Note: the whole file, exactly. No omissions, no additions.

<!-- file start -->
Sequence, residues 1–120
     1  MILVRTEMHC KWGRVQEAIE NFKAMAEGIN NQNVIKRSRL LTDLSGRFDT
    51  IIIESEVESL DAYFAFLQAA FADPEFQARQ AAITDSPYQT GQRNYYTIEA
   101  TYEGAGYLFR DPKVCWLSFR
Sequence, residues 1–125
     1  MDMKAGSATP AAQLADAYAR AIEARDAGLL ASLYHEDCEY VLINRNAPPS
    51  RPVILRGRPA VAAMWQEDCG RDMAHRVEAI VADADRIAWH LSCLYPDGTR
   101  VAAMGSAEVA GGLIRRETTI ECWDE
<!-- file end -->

Sequence, residues 1–120
     1  MILVRTEMHC KWGRVQEAIE NFKAMAEGIN NQNVIKRSRL LTDLSGRFDT
    51  IIIESEVESL DAYFAFLQAA FADPEFQARQ AAITDSPYQT GQRNYYTIEA
   101  TYEGAGYLFR DPKVCWLSFR
Sequence, residues 1–125
     1  MDMKAGSATP AAQLADAYAR AIEARDAGLL ASLYHEDCEY VLINRNAPPS
    51  RPVILRGRPA VAAMWQEDCG RDMAHRVEAI VADADRIAWH LSCLYPDGTR
   101  VAAMGSAEVA GGLIRRETTI ECWDE